SAP has launched an aggressive effort to convince customers of Retek, successfully acquired by Oracle in April, to move to its software. At the Retail Systems conference in Chicago Tuesday, SAP said it would offer incentives, such as discounts on software and services, to any Retek customer choosing to make the switch.
SAP has agreed to give Retek customers a credit of up to 75% of their original Retek software licensing fees if they purchase and deploy the SAP for Retail product suite. SAP said it will help customers develop a business case for deployment, map out a module system, and train and educate customer employees on the platform.
SAP's Safe Passage plan, initially offered to PeopleSoft and J.D. Edwards customers when Oracle acquired PeopleSoft, has proved "very successful," says Jim McMurray, SAP's senior VP for retail. From January through March, SAP closed more than 10 deals in the Safe Passage program, he says.
SAP offers a wide selection of retail-specific products, yet it may not have everything Retek customers are looking for. "We don't play in point of sale, price optimization, or visual merchandising space," McMurray says. However, the company offers those products through partners such as Profit Logic, he adds. "We recognized early on that for some reason if we weren't successful acquiring Retek, there couldn't have been a better time to force the hand of a competitor."
That hand belongs to Oracle, which extended to payout a hefty $670 million for Retek on the heels of an 18-month hostile takeover bid of PeopleSoft. At the time SAP made its bid for Retek, Oracle CEO Larry Ellison admitted to getting temporarily sidetracked while in the throes of winding down the PeopleSoft acquisition.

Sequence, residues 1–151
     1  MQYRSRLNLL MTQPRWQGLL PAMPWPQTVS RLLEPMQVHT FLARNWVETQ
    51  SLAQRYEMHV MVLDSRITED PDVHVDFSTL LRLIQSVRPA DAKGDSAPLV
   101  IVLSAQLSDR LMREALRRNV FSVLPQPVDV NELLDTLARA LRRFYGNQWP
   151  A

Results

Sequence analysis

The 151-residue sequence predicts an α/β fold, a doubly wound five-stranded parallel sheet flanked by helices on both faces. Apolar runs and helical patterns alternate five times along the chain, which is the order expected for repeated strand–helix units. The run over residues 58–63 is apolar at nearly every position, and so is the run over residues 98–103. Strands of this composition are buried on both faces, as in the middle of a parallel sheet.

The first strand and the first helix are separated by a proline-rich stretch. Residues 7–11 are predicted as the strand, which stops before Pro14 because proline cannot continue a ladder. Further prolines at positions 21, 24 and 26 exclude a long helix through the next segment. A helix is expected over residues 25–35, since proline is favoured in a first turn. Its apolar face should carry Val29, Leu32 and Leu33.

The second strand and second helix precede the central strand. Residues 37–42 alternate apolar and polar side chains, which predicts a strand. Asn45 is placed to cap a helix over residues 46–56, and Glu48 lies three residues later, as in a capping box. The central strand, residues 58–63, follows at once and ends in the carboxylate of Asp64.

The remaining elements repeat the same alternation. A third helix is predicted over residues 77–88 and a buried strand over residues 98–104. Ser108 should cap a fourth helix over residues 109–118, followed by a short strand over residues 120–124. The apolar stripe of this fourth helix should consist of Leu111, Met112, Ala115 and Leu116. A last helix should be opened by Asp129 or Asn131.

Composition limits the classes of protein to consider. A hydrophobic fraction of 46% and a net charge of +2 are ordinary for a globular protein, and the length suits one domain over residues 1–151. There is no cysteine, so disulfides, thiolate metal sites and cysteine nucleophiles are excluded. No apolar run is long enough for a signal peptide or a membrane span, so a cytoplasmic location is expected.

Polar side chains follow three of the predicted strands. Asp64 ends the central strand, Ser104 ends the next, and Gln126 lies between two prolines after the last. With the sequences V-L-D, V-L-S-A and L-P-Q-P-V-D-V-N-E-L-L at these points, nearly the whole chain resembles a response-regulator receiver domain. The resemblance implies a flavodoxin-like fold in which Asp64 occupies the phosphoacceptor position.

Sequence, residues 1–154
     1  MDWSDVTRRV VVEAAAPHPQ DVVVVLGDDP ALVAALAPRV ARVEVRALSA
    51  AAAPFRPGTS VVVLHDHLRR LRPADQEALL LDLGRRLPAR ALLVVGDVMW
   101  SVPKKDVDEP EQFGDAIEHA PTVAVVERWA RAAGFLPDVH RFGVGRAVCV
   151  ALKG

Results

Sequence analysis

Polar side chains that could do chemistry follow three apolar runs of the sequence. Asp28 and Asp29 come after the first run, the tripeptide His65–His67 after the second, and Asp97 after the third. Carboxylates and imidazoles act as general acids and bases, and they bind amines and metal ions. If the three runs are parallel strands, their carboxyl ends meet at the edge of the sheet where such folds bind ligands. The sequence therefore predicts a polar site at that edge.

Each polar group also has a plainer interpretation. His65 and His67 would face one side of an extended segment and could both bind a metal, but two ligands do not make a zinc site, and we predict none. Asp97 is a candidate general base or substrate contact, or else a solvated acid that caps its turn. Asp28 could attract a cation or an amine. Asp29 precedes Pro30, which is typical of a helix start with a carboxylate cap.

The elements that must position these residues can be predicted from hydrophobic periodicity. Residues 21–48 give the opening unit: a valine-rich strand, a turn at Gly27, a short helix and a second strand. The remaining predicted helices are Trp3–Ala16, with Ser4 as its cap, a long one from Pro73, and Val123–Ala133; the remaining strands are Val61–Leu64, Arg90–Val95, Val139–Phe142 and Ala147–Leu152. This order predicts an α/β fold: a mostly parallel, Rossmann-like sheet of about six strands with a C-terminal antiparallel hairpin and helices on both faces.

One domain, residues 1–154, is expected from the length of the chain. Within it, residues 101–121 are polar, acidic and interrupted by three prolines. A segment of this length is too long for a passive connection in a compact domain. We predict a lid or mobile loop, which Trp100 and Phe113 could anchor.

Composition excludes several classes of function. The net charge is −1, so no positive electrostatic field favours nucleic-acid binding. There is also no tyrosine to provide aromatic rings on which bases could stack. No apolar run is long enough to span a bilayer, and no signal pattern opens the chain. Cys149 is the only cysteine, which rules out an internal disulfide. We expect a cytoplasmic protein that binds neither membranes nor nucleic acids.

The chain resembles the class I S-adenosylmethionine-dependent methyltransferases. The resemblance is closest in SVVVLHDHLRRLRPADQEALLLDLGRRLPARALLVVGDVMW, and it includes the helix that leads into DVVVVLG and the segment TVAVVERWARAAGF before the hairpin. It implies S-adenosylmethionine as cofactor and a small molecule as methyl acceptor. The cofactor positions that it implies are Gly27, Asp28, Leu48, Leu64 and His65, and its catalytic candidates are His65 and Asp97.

Some recent big customer wins, including Home Depot and The Limited, can help SAP convince retailers it has what it takes to be their supplier, according to a report published this week by AMR Research. However, SAP still needs to prove it has moved beyond problematic implementations from the past at Jo-Ann Stores and Petsmart. "Recent retail success clearly puts SAP into a growing industry leadership position, but functionality challenges and development timelines could hinder the transition from contract signing to successful deployment," according to the report.
SAP says it's committed to adding functions to its retail products. Three ways are possible: developing features and products internally, continuing to partner with companies that make point-of-sale or optimization software, or getting them through acquisitions. Campbell Software, acquired in the late 1990s, marks the last time SAP acquired a company with retail-specific applications.